[32] C. P. Gilman, ‘The Yellow Wallpaper’ in, D.S. Davies, ed., Short Stories from the Nineteenth Century (Hertfordshire: Wordsworth, 2000), p.193

[33] ibid, p.194

[34] Gilman, ‘The Yellow Wallpaper’, p.194

[35] Gilman, ‘The Yellow Wallpaper’, p.193

[36] C. Brontë, Jane Eyre (London: Penguin Books, 1996), I, chapter 3

[37] ibid, I, chapter 3

[38] S. Freud, ‘Hysterical Phantasies and Their Relation to Bisexuality’ in, Standard Edition of the Complete Psychological Works, 24 vols, ed. by James Strachey and others (London: The Hogarth Press and the Institute of Psychoanalysis, 1959) in, C. Kahane, Hysteria, Narrative, and the Figure of the Speaking Woman 1850-1915 (London: The Johns Hopkins Press, 1995), p.xi

[39] Shuttleworth, Charlotte Brontë and Victorian Psychology, p.49

[40] Irigaray, This Sex which is Not One, p.86

[41] C. Von Braun, Nicht loh (Frankfurt am Main: Verlang Neue Kritik, 1985) in, E. Bronfen, The Knotted Subject: Hysteria and its Discontents (New Jersey: Princeton University Press, 1998), p.115 at

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Hysteria in the Victorian Novel

17 Aug

In The Second Sex, Simone de Beauvoir writes that the hysteric reveals herself through her body’s uncontrollability, expressing her ambivalent position within patriarchal society:

the woman denies responsibility [for her body]; in sobs, vomiting, convulsions. It escapes her control, it betrays her; it is her most intimate verity, but it is a shameful verity that she keeps hidden. And yet it is also her glorious double; she is dazzled in beholding it in the mirror; it is promised happiness, work of art, living statue; she shapes it, adorns it, puts it on show.[1]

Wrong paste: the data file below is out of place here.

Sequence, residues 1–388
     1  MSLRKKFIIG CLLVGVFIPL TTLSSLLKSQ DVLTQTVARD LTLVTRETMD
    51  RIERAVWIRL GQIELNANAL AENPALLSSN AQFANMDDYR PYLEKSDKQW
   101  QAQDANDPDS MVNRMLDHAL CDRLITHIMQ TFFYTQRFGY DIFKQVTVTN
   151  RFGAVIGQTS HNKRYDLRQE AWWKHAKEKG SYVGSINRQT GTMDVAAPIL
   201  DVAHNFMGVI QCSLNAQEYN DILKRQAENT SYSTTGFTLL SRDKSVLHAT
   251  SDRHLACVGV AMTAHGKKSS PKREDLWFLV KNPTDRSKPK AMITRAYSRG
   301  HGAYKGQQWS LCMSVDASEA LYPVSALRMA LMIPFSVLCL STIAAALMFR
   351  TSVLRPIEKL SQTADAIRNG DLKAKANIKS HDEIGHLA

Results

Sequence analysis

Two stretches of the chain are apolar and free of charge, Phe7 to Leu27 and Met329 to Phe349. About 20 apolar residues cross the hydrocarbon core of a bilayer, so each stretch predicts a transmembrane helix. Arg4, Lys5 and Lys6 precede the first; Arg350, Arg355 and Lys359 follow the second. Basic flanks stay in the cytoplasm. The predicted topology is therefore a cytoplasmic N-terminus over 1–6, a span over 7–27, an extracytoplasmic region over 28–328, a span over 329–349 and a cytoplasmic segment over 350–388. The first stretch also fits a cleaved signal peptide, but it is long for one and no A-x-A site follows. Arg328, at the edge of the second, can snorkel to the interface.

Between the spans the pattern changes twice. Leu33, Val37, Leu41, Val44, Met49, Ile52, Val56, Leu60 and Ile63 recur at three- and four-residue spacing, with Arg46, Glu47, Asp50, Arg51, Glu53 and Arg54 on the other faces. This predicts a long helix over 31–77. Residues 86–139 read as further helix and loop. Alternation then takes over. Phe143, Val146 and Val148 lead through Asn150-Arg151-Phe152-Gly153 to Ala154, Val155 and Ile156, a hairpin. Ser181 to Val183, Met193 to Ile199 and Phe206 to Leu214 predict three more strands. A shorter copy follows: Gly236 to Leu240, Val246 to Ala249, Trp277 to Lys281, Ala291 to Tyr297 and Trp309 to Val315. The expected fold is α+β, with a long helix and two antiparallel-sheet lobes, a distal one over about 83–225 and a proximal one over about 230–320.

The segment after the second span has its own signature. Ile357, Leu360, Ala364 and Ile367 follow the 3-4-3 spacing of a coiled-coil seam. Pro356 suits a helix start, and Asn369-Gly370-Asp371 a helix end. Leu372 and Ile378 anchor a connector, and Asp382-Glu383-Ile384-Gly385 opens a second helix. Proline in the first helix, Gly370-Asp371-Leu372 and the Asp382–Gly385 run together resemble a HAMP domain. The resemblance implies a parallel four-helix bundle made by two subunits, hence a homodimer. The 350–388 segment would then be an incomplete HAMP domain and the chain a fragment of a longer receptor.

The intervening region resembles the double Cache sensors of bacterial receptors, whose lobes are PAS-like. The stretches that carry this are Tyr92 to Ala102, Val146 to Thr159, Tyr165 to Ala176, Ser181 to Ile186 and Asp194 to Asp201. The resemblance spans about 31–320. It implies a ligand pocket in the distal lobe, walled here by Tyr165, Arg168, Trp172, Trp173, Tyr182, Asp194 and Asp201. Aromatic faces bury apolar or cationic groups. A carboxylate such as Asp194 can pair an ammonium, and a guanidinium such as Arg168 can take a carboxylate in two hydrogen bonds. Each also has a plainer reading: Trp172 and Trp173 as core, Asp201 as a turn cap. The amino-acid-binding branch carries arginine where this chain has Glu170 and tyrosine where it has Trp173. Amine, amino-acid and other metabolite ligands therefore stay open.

However, Victorian hegemony refused to acknowledge any positive aspect of the condition, instead emphasising only its shameful connotations. This bias originated from the dominant ontology of Cartesian dualism, which posited a mind/body division that gendered the intellect as masculine and bodily urges as feminine. Hysteria was thus regarded as the feminine escaping masculine control. As will be argued, since the masculine ‘universal signifying order’[2] of symbolic language posited ontological possibilities, the hegemonic order was thus able to exclude alternative forms of female being. Central to such a strategy was the medical profession’s enforcement of a Cartesian theory in which the distinct mind and body were gendered in order to maintain the notion of hysteria as a feminine source of shame. However, the psychosomatic nature of hysterical symptoms destabilised masculine Cartesian dualism and thus threatened one of the foundations upon which the hegemonic order rested.

This nineteenth century Cartesian interpretation of hysteria is portrayed by Charlotte Brontë through Lucy Snowe’s internalisation of patriarchal ideology. By accepting the theory of a division between ‘Spirit and Substance’[3] Lucy is indoctrinated to perceive them as ‘divorced mates…[which] were hard to re-unite: they greeted each other, not in an embrace, but a racking sort of struggle.’[4] Lucy has therefore internalised the separation between mind and body that was established to promote values of masculine rationality over feminine, bodily drives.